Actually remembered to turn my calendar over today.
In working on the raccoon story, I remembered an article by Jennifer Armstrong from the Horn Book which talks about how she likes to set up her stories. In revising Symphonians, I was really disappointed in how few images I had and how there seemed to be nothing behind them. I'm going to try and change that in the raccoon story, since I'm rebuilding it.
But here is a short list of questions Jennifer asks herself in writing her books.
What is this book about?
What ideas will be in it?
What images will I use to reinforce these ideas?
What metaphors will I use to reinforce these ideas?
What’s the tone?
What’s the voice?
What characters will I use? And, why did I choose these characters for the purposes of the book?
A list of important words.
Write a list of scenes, and a list of images that appear in each scene.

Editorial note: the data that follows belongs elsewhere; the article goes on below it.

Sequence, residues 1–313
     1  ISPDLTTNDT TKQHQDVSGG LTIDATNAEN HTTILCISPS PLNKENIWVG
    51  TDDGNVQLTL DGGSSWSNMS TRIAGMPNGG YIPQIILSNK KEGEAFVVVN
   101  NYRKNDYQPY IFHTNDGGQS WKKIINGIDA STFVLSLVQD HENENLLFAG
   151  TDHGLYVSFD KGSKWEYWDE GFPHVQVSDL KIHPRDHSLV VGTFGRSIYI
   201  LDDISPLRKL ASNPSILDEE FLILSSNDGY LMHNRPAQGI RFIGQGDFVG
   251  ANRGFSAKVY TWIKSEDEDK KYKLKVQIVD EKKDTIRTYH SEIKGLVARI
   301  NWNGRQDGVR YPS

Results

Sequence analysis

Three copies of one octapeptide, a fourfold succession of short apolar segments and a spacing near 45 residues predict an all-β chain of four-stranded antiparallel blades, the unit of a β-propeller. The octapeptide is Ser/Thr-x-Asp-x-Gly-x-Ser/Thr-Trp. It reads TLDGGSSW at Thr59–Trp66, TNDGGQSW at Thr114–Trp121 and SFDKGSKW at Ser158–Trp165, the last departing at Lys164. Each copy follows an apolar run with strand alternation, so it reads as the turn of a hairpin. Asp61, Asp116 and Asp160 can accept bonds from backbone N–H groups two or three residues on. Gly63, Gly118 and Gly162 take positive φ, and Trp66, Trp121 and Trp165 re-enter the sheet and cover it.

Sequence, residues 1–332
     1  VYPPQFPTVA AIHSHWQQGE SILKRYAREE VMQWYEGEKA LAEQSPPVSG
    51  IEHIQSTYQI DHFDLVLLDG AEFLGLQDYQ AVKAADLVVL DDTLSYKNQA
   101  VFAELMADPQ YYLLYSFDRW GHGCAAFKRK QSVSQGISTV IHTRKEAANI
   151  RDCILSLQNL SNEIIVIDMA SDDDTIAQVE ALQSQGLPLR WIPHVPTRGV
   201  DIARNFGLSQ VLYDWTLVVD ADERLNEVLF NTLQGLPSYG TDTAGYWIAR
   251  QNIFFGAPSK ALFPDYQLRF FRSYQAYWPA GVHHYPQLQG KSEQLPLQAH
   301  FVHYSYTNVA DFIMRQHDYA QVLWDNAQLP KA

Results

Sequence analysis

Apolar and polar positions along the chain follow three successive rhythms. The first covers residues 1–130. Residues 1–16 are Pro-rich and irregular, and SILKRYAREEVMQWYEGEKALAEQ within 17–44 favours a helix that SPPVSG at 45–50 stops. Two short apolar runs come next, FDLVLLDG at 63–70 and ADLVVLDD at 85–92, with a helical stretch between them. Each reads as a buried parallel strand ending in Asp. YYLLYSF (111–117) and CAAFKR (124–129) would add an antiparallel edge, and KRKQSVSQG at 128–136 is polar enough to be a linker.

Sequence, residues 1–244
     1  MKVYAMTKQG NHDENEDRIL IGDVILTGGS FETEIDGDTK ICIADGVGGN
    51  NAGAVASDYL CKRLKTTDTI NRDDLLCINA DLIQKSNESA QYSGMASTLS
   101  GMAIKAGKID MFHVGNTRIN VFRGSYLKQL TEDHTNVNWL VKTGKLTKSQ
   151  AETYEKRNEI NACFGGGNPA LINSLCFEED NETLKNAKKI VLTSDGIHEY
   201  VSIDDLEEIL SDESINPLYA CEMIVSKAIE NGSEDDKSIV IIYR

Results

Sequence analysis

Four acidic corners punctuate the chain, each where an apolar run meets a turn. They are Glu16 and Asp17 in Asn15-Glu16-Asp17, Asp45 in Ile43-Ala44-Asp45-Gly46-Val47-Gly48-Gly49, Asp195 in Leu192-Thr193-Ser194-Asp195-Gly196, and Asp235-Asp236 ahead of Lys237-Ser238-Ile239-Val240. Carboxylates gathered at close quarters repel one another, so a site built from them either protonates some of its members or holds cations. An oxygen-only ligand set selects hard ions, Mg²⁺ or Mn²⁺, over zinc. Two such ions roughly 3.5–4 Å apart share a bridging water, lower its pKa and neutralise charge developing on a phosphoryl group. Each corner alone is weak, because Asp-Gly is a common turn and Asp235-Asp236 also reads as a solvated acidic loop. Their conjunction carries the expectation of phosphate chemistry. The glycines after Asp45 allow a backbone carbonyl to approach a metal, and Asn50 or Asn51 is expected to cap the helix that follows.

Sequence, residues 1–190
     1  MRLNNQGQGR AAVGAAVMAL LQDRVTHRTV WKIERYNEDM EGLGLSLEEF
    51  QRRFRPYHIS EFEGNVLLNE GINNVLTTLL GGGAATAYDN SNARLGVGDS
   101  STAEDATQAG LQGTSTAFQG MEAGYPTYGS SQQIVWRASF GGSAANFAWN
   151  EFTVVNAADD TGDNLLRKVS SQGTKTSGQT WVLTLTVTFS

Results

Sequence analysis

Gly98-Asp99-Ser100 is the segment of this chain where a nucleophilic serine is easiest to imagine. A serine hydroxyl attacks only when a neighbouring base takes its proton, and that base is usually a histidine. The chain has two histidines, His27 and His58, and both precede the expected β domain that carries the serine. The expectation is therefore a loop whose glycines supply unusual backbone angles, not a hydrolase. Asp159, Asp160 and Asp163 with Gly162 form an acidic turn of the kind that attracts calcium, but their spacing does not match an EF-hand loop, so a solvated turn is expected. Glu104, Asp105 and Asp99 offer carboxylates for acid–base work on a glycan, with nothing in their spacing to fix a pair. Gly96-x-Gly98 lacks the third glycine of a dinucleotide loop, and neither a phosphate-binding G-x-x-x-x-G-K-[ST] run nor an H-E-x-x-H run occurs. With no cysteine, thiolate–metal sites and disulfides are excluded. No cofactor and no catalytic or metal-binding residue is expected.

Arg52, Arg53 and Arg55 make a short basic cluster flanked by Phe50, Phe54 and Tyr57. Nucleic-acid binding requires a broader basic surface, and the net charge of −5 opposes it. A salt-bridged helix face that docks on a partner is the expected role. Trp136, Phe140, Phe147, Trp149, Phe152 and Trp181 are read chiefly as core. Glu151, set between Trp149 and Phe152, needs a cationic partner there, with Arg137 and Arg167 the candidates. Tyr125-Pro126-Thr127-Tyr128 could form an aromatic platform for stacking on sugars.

More on this later, because a brand-new sale book just landed on my desk.
A day later, as it turns out. (I wrote the above yesterday.)
I haven't started answering Jennifer's questions yet, because when I started trying to, I discovered that there's a lot of information I need about the story to answer them. (The shameful thing is that I've already rewritten the story a million times over the years -- I actually started on it in 1995.)
So I'm exploring what the story's about. One of the things it's about is the idea of "home." So I started riffing off that, writing down the definition of "home," etc. Then I got bamboozled by looking at the big picture. Then I thought, why don't I start building from the images I already have, such as the Psyches with their butterfly wing headdresses and the Outcast, the black hound that burns with an oily light?
And then I thought, let's work on it from both ends, and that way I can find out where they meet in the middle. How zen is zat?